Arthur Schopenhauer was a German philosopher. Though his work didn’t get much recognition during his lifetime, he’s had a tremendous impact across various disciplines, including philosophy, literature, and science.
His writing on aesthetics, morality, and psychology has influenced many thinkers and artists including great minds like Friedrich Nietzsche, Albert Einstein, Sigmund Freud, Carl Jung, writers such as Leo Tolstoy, George Bernard Shaw, and a host of others.
Here are timeless words of wisdom from Arthur Schopenhauer.
1. Life is a journey.
“Our life is like a journey on which, as we advance, the landscape takes a different view from that which is presented at first, and changes again, as we come nearer.” — Arthur Schopenhauer
If you were not taking electronic gadgets apart or solving mathematical equations at age five, you’ve probably ditched your childhood dreams by now. Why? Our view of life is constantly being shaped by our experiences.
As we grow older and get more exposure, we understand ourselves more. The opinions of others matter less, hence, we boldly explore what we feel connected to.
Growing up, I wanted to be a singer; everyone thought it was my calling. And I assumed everyone had to be right. But within me, I hated the loud noise and attention. I preferred to read and just stay indoors in the quiet. And the older I got, the harder it was to deny what I wanted to do.
Being able to see these changes within ourselves requires introspection. There are still people who willfully pursue their childhood goals even when it doesn’t align with them anymore.
Always examine yourself and ask, “Is this what I still want?”
Mark Manson was into music up to his mid-20s before he started writing. Be willing to make a change as your view of life changes. As Jordan Peterson said,
“You are by no means all that you are, you are also all you could be, if you would.”
2. Don’t trivialize what’s easily available.
“We often try to banish the gloom and despondency of the present by speculating upon our chances of success in the future.” — Arthur Schopenhauer
It is in our nature to desire things. But the moment we possess what we desire, it loses its value. We start to imagine how awesome it will be to have something else. What Schopenhauer recommends is that we look at life in the opposite way. He said:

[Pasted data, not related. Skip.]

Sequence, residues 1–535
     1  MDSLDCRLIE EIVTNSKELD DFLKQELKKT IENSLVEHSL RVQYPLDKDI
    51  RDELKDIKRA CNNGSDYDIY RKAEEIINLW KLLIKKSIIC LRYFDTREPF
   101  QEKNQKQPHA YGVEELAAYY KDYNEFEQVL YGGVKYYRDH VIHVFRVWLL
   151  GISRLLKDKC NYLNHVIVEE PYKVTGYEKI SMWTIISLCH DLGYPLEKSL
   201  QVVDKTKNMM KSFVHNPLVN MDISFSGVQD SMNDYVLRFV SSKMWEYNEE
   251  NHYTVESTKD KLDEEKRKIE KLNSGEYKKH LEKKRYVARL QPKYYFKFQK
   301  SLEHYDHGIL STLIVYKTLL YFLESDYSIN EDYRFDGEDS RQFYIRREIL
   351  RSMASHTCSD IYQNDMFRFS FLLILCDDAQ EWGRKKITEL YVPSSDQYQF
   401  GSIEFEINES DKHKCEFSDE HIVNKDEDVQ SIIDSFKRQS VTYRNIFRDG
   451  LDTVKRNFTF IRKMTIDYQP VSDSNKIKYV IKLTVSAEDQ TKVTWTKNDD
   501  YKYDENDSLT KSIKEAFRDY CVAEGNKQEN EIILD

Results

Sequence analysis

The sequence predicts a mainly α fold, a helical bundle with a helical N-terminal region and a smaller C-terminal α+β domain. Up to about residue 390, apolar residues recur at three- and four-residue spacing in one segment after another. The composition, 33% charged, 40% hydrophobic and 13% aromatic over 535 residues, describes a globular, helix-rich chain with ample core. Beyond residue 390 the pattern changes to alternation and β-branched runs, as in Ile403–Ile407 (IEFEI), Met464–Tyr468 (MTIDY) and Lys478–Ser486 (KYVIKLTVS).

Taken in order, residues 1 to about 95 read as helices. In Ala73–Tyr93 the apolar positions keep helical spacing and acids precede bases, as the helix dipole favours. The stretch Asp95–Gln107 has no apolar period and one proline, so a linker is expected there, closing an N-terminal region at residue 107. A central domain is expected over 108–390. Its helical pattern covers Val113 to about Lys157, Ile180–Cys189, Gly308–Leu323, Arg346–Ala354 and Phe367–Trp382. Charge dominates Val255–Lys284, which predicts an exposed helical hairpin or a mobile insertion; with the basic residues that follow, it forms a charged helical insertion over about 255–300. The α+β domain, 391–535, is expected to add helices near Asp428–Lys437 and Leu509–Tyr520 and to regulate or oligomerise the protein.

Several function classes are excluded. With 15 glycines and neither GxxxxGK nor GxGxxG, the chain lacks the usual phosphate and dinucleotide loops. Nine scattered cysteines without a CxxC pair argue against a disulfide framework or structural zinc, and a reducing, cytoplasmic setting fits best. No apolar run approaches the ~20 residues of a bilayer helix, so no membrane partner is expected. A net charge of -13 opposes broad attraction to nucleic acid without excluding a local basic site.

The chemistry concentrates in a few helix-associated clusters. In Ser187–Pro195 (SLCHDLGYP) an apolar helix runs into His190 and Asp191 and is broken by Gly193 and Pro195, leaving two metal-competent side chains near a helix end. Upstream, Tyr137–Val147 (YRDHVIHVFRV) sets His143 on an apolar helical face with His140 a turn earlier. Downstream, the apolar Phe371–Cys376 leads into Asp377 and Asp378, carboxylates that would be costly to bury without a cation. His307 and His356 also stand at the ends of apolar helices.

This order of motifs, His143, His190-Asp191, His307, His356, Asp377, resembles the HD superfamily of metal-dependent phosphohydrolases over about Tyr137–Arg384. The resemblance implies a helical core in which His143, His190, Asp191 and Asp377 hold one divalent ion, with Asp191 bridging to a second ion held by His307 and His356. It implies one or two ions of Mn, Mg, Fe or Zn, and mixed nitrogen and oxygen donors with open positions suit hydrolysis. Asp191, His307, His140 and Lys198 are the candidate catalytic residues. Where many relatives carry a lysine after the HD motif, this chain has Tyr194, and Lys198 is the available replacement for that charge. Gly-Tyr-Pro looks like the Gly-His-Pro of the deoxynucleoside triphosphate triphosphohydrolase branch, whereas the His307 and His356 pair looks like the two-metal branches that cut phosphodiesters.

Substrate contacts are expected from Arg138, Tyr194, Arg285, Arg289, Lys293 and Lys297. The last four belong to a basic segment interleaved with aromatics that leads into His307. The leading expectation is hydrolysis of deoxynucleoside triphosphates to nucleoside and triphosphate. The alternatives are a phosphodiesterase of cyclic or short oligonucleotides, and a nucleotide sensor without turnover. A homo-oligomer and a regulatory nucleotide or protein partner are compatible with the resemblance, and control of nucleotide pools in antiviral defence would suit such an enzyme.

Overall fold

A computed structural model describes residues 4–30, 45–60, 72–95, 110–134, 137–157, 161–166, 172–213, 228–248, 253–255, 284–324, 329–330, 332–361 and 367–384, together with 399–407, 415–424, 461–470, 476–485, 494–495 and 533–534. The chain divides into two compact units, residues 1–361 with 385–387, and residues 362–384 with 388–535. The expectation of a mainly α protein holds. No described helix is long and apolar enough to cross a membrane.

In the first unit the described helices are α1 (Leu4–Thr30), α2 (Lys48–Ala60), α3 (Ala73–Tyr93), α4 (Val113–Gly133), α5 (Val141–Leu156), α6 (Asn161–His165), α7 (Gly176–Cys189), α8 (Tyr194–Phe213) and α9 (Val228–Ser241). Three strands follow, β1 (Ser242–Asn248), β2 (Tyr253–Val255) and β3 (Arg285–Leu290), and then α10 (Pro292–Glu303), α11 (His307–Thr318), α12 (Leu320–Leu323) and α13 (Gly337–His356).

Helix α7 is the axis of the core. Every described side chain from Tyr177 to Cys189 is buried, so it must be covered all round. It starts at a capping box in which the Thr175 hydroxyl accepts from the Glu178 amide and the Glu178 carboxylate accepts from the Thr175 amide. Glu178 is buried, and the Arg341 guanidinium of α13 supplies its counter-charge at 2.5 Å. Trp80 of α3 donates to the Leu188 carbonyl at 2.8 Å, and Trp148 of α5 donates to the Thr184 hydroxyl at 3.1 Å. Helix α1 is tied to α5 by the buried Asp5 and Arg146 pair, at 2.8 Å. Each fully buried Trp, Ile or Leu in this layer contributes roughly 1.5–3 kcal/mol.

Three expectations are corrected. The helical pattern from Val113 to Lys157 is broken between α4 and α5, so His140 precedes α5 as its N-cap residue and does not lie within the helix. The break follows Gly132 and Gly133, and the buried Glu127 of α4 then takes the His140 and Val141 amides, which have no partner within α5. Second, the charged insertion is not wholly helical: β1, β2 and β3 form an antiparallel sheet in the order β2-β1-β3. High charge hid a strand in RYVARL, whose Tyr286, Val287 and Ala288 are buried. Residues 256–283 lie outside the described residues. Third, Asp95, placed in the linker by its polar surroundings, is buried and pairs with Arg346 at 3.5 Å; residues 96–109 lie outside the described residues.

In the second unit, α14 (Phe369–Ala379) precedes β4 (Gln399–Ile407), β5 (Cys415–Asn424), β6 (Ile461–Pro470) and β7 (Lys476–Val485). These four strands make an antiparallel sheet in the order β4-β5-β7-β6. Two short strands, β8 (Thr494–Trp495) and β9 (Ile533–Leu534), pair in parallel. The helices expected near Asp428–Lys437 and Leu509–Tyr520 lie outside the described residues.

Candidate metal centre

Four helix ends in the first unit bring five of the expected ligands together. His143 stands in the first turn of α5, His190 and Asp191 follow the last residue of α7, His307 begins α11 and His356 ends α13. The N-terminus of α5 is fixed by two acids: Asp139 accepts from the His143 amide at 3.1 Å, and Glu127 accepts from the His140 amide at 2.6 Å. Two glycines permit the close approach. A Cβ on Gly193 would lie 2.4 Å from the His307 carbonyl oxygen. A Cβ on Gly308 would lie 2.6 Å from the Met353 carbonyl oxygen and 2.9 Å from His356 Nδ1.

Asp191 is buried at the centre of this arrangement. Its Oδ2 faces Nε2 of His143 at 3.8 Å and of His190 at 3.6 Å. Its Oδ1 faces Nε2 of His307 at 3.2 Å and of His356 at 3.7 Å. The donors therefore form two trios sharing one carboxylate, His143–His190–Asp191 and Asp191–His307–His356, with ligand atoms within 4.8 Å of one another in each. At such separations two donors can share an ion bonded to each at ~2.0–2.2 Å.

“We should sometimes try to look upon our possessions in the light in which they would appear if we had lost them.”
Whatever it may be: your partner, family, your dog, good health, beautiful children, your parents, imagine you lost them already. Wouldn’t you wish you had just a minute to hold them and show them all the love you could give?
Don’t trivialize the most important things in your life because they are available for free. Treat them as though they are priceless. Appreciate them before you lose them.
3. Nothing is exciting all the time.
“The youth expects his career to be like an interesting romance; and there lies the germ of disappointment.” — Arthur Schopenhauer
Though these words were written a long time ago, it is more relevant now than ever. So many of us think our careers should be exciting all the time. We quit our jobs because we feel we are not making enough impact.
We expect our vocation to be like an adventure where we are busy all the time and getting things done.
Why? Success has been romanticized and packaged for us to watch. Billionaires talk about their success in interviews and we imagine it as a fantastic adventure.
It is this unrealistic expectation that makes most people quit their jobs. Walking your way up the ladder of success requires unsexy work. Sometimes it feels boring and unexciting.
As Robert Greene wrote in Mastery,
“Too many people believe that everything must be pleasurable in life which makes them constantly search for distractions and short circuit the learning process.”
What we usually fail to understand is this: In learning anything, the beginning is always the hardest. Studies show how hard it is for the brain to get used to doing something new — which translates into frustration and boredom.